Forrester Research has just published a new guide to roughly 30 e-commerce platforms that are relevant for small and midsize businesses.
The services and software considered as part of its report, "SMB E-commerce Solutions 2012, are explicitly focused on businesses with $1 million to $10 million in revenue that are selling direct to consumer online and that are primarily serving North America and Europe (although some of the vendors have a global twist).
As I was combing through the report, three themes popped out:
- Many of the larger providers, in particular, are seeking to provide an end-to-end solution that includes catalog features, marketing tools, payment solutions and fulfillment mechanisms. Traditionally, SMB e-commerce solutions have been a conglomeration of different services. While opting for an integrated approach is probably easier from a setup and ongoing operations standpoint, it does carry the possibility for lock-in.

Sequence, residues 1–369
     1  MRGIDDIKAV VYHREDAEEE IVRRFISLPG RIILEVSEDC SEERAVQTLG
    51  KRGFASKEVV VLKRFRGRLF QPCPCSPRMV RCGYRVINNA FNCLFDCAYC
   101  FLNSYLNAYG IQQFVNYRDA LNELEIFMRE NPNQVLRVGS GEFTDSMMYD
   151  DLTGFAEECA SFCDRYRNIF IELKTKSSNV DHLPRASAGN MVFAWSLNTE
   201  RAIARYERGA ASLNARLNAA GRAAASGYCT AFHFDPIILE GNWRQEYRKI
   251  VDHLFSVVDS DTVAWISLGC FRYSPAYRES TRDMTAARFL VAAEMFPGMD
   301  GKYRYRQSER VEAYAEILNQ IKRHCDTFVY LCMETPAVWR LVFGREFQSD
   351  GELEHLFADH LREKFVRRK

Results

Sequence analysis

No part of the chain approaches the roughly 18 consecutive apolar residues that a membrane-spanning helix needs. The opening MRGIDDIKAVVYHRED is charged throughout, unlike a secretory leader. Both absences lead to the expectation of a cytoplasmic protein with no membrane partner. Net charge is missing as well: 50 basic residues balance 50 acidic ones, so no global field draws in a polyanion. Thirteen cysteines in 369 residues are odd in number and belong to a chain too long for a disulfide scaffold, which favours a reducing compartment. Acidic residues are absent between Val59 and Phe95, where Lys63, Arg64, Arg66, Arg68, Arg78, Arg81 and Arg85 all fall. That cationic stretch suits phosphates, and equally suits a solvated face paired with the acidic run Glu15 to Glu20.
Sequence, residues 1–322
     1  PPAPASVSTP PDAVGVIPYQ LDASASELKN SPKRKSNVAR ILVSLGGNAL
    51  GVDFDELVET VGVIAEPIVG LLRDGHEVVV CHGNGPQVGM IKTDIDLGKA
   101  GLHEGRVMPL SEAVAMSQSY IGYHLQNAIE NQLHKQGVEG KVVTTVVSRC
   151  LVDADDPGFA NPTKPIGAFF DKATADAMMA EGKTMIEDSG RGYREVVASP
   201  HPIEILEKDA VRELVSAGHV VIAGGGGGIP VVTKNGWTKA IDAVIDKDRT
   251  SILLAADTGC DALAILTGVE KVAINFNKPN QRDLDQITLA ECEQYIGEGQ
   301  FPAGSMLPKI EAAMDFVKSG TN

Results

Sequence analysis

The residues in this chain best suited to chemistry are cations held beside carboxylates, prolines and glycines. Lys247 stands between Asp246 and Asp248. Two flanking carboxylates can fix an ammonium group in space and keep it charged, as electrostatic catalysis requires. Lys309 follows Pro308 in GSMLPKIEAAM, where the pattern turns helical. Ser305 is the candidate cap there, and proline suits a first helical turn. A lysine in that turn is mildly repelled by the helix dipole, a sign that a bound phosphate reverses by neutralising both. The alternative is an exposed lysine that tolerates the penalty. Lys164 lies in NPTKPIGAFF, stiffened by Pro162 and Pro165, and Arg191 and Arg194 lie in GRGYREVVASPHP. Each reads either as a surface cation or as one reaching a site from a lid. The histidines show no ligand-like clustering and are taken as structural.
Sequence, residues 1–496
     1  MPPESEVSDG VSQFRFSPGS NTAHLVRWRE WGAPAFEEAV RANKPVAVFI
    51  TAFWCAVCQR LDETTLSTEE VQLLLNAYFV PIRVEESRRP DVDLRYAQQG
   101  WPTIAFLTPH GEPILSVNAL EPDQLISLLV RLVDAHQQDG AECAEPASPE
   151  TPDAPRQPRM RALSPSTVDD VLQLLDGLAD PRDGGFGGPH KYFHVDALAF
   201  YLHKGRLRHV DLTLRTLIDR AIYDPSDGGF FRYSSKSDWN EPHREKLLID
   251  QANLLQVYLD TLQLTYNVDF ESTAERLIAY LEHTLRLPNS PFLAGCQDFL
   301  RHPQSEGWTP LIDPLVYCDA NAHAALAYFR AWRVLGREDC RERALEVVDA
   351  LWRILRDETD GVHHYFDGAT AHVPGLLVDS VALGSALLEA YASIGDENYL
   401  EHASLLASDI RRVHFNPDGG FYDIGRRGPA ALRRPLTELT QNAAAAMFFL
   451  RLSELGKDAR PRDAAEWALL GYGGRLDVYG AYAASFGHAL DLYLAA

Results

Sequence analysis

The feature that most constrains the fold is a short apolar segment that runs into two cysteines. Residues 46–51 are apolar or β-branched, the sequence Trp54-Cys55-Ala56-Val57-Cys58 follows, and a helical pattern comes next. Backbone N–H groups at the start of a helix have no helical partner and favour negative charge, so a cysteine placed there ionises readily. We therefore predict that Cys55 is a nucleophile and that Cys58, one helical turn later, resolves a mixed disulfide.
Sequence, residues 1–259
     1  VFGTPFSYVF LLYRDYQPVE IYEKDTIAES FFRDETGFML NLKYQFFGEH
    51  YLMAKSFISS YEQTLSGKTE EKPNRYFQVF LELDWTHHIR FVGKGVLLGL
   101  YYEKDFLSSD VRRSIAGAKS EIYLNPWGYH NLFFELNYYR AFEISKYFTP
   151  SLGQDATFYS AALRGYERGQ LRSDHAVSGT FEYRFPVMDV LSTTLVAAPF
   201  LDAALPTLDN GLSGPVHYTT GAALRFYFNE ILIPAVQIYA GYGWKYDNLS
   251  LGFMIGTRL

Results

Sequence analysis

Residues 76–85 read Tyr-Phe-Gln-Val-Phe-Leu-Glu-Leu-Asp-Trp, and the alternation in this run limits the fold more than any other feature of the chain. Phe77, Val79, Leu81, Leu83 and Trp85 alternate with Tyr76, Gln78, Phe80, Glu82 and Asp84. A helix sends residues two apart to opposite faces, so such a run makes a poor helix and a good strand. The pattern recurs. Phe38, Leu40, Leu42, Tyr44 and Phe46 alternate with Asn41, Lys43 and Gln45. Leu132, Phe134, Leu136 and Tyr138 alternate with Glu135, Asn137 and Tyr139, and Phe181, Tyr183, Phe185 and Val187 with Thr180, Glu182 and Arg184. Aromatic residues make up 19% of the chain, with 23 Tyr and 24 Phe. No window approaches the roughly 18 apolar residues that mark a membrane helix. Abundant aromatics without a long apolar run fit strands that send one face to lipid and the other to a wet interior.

- Open source technology ecosystems are flourishing. Forrester points in particular to Magento, Zen Cart and OXID as e-commerce solution providers that have grown substantially over the past several years.
- Hosted solutions predominate, another testament to the allure of cloud services for small businesses.
One big consideration that small businesses will need to weigh carefully as they choose an e-commerce platform is how they will pay for it. The list provided by Forrester illustrates that there are a broad range of options including a straight monthly service fee or subscription, revenue sharing models, or fees based on per-order transaction costs.
Forrester suggests that an e-commerce platform choice should be a two- to three-year one, so what you pay at the beginning for your service might not be what you'll pay at that end. That will affect your margins. Based on the information provided, here are platforms that look like they offer relatively fixed licensing, monthly subscription or annual service fees. (I'm not listing those that require transaction fees or revenue shares, nor those that are really broader Web development services with an e-commerce adjunct.)